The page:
Type[Integer] =~  Type[Type[Integer]] # true

And this does indeed go on to Infinity. While this can be solved in various ways by "short circuiting" and erasing information, there is really very little practical need for such a solution. We could state that the type of Type[Integer] is Type[Type], or one level above that by making the type of Type[Type[Integer]] be Type[Type]. We could also introduce a different abstraction like Kind, maybe having subtypes like ParameterizedType, FirstOrderType, HigherOrderType and so on. This however have very little practical value in the Puppet Programming Language since it is not a system in which one solves interesting type theory problems. There simply are no constructs in the language that would allow making any practical use of these higher order types.

With that small excursion into type theory, there actually is practical value in being able to reason about the type of a type. As an example, we can write a function where we expect the user to pass in a type reference, and we want to validate that we got the right ehrm... type. Let's say the function does something with numbers and you are willing to accept an Array of Integer and Float ranges, which is illustrated by this expression:

[Integer[1,2], Float[1.0, 2.0]] =~ Array[Type[Numeric]]  # true

This is about how far it is of practical value to go down this path. The rest is left as a paradox like the classic, "Is there a barber that shaves every man that does not shave himself?".

The Ruby Type

The type Ruby is used to represent a runtime system type. It exists in the type system primarily to handle configuration of the Puppet Runtime where it is desirable to be able to plugin behavior written in Ruby. When doing so, there must be a way to reference Ruby classes in a manner that can be expressed in ways other than Ruby itself. The type system has the ability to describe a type in string form, and parse it back again.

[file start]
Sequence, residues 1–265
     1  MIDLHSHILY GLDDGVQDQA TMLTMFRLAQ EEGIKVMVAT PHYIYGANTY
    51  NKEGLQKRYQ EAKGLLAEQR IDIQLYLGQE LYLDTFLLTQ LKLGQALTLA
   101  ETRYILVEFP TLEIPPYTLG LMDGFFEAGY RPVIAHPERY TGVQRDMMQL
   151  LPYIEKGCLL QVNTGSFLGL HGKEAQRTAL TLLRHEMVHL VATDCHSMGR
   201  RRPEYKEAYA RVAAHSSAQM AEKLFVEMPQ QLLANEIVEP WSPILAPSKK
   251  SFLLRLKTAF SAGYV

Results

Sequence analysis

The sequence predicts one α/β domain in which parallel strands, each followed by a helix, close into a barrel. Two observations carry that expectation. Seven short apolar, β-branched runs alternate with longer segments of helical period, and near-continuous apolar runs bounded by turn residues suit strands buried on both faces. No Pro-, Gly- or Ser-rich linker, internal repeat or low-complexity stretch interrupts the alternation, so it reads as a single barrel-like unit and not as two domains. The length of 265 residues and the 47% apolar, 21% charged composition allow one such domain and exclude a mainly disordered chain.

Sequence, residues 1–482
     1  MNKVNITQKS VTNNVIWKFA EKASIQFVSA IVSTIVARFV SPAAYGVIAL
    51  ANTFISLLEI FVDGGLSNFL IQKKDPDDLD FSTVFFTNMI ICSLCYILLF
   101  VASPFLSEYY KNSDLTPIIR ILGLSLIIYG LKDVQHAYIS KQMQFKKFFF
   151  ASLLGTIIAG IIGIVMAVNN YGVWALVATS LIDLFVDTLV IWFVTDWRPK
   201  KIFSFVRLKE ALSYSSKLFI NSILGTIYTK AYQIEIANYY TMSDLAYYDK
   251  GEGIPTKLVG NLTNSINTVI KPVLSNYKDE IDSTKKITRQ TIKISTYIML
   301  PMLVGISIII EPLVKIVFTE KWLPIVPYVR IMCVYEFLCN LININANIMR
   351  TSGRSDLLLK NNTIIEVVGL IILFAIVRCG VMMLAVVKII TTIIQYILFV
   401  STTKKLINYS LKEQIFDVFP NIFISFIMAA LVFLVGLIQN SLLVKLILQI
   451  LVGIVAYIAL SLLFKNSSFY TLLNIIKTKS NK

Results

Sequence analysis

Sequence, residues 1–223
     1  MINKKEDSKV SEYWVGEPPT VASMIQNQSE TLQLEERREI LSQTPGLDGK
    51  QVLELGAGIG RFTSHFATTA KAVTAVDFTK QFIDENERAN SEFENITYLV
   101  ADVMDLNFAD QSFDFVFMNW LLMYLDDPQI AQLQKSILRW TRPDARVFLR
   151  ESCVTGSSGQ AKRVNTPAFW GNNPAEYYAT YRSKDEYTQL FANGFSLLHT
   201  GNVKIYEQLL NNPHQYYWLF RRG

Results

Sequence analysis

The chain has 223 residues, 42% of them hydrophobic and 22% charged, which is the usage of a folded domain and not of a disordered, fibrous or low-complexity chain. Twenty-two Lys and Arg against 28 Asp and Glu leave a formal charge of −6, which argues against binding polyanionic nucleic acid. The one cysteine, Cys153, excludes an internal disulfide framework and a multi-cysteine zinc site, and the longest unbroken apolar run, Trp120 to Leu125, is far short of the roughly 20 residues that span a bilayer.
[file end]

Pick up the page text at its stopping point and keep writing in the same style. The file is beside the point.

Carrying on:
The Ruby type also serves as a "catch all", just in case someone writes extensions for Puppet and returns objects that are instances of types that the Puppet Programming Language was not designed to handle. What should the system do in this case? We don't want it to blow up so something sensible has to be returned - for no other reason than to be able to print out an error message with reasonable information about the alien type.

There are also experiments being made with making configuration of the Puppet runtime in the Puppet Programming Language - but that is the topic of another series of blog posts.

While you can create a Ruby type in the Puppet Programming Language, there are currently no functions that operate on those - so they have very limited practical value at the moment. If you however write your own custom functions there is support in Ruby to use the Ruby type, instantiate a class etc.

In the Puppet Programming Language, a Ruby type is parameterized with a string containing the fully qualified name of the Ruby class.


In the Next Post

With the adventure into "what is the type of all types" in this post, I am going to return to what the type system is really all about; supporting the types that end up in the catalog; Class and Resource.